FORMER Finance Minister Ng’andu Magande has wondered why government and the opposition do not engage him on matters regarding the economy because he has solutions that can help solve the country’s problems.

And Magande says the UPND could have used their recently-held general conference to inform the nation on how they would engage the International Monetary Fund (IMF) once ushered into office.

In an interview, Magande urged both government and the opposition to utilise his expertise to solve the country’s economic crisis, bemoaning that government had repeatedly approached the country’s challenges the same way, yet expected different results.

“These people must know that I am still alive and they must know what I did, if they didn’t hear it, they must have read my book. No one is doing that. They think my information cannot be used now, I don’t know why they think so. Perhaps in my old age, I don’t know how to use a computer, but I am computer literate. People write to me and I have hundreds of letters from young people. So, if they think I am just here as a painting, which is very expensive, let them think so. People write about me, they read about me, but why can’t anybody either in government or opposition say, ‘we want to go and listen to his comments on what we want to do?’” Magande wondered.

“We are doing the same things the same way and we expect different results, we can’t get different results, no. If the President (Edgar Lungu) can continue to say, ‘bring evidence…’ This is what we went through under president (Frederick) Chiluba, he kept on saying, ‘bring evidence’ until the whole country just collapsed! So, it is not good to continue doing the same things, the same way and expect better results, you will end up getting the same results and those results erode the confidence of you citizens, and beyond that, the confidence of the partners who want to help you to do things. I used to have press conferences before going for negotiations so I expected those things to happen.”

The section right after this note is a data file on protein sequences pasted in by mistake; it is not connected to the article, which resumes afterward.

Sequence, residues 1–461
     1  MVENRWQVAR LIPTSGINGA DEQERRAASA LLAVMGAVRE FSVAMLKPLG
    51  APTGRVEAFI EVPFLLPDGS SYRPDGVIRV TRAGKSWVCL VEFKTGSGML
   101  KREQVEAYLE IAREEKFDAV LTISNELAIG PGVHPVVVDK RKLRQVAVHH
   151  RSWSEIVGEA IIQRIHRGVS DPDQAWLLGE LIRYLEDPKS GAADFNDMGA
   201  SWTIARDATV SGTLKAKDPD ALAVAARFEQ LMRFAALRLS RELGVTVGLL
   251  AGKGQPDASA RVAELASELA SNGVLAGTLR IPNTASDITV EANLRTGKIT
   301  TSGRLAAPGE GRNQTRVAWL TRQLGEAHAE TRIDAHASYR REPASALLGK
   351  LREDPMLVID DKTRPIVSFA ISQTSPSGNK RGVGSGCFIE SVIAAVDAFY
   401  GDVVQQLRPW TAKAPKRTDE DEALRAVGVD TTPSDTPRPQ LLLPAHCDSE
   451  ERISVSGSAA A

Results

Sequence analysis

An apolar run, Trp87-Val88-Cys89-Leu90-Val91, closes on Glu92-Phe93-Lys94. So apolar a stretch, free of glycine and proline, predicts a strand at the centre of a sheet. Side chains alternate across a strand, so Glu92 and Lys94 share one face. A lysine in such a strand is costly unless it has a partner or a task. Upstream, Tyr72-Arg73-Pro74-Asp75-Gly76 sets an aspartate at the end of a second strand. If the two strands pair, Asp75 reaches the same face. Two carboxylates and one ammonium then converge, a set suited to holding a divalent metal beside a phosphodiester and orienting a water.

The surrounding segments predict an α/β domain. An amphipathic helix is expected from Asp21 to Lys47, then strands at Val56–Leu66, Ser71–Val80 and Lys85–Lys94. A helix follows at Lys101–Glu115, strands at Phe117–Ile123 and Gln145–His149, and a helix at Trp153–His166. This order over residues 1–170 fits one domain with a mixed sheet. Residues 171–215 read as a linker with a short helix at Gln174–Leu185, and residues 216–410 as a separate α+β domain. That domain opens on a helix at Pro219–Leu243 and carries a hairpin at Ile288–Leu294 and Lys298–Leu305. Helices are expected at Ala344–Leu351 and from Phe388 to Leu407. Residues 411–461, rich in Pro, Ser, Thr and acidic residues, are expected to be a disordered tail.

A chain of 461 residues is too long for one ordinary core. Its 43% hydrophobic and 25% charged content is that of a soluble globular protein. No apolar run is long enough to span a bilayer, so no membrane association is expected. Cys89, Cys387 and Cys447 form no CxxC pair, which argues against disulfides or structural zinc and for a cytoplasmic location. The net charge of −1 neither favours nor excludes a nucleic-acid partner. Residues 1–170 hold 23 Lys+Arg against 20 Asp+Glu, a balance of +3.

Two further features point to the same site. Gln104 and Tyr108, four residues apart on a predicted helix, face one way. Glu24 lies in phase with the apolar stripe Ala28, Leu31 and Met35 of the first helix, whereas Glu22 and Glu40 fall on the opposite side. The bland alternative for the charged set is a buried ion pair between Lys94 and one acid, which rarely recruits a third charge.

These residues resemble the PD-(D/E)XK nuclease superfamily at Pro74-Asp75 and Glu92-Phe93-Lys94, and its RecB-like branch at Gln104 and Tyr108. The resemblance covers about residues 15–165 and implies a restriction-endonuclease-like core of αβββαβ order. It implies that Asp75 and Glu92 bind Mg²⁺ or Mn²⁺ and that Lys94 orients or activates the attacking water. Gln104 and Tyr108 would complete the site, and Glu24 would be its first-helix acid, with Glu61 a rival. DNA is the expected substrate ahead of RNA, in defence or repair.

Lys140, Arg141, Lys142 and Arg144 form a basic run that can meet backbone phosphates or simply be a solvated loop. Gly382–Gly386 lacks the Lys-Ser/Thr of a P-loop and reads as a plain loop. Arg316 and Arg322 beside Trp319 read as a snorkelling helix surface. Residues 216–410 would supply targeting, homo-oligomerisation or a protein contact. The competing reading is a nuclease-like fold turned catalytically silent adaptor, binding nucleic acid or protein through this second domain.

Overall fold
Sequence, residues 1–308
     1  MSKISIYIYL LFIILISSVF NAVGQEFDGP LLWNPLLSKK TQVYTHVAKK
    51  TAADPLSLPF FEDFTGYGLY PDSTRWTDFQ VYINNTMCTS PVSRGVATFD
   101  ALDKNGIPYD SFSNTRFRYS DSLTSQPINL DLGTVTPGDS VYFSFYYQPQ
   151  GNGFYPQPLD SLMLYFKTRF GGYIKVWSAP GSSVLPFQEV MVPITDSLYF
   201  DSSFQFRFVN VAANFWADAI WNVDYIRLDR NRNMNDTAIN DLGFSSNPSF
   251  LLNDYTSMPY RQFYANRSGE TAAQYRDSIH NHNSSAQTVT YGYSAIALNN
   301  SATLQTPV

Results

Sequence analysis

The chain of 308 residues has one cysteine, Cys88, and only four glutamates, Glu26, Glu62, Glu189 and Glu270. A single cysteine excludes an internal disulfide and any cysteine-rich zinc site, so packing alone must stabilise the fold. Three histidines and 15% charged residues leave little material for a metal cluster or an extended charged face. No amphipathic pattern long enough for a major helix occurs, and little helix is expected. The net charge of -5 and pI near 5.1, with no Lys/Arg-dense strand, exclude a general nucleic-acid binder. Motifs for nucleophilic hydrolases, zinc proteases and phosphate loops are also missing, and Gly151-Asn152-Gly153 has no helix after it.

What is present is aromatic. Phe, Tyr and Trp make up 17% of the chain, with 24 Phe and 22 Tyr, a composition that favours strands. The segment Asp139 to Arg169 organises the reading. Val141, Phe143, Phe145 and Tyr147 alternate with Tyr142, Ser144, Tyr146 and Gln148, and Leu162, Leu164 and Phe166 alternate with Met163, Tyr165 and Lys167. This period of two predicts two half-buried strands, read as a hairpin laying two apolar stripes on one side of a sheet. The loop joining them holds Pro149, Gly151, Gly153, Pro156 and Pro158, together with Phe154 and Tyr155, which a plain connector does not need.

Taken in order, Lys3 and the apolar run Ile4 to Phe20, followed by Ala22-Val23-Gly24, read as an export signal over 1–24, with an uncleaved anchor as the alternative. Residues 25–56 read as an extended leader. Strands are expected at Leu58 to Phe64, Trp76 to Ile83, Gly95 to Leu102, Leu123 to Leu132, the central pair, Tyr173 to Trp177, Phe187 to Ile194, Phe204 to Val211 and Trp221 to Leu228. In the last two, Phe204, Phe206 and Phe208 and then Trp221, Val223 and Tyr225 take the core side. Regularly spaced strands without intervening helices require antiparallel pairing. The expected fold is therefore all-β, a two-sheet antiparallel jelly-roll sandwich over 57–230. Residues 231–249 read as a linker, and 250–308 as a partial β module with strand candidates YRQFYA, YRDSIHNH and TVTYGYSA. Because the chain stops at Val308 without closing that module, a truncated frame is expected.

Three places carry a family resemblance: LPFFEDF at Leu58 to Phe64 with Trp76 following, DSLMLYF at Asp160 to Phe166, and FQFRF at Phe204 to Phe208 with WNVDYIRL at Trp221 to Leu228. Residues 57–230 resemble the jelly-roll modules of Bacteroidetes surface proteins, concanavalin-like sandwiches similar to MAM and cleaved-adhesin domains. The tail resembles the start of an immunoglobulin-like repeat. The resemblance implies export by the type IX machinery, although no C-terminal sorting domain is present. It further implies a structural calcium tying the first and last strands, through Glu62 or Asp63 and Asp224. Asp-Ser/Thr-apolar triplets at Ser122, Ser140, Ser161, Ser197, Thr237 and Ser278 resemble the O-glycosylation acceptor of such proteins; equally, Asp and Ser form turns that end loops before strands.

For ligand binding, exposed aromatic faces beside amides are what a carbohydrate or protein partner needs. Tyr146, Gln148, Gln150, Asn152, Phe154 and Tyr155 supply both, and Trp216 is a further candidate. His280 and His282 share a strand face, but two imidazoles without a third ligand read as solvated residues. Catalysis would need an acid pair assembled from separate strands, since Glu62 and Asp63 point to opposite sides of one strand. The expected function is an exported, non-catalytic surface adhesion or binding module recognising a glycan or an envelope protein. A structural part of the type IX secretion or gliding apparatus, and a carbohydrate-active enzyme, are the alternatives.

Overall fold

And Magande insisted that the UPND needed to address how they would engage the Fund to secure a much-needed economic bailout package to help shore-up Zambia’s Balance of Payments.

“This weekend was very interesting. On Friday, we had the President giving out the national address talking about values. Then on Saturday, the IMF discussion started and we know that we have been failing all these years to get a programme, but nobody has told us what it is that they are going to say to the IMF differently from what they have been saying in the last 10 years when we had failed. Since we were talking about morals on Friday, yesterday, (Sunday) the UPND could have taken the opportunity to talk about those two issues and said, ‘because we are talking about the economy, we have constituted a think-tank and it is made up of the following people…’ ” Magande said.

“The opposition, which is the biggest political party now they should be talking on to say, ‘we don’t think by telling the IMF this, we are going to get anything. With us, when we come into power, these are the things we are going to tell the IMF.’ So, even if the IMF are not talking to the opposition, they will be saying to themselves, ‘I think this country has a future.’ The programme that the PF is trying to approve and negotiate, by the time it is signed for, Parliament will be dissolved so we will be in the election mood. So, it will have an impact on what kind of message of anybody who wants to take over from the current government as in terms of the economy.”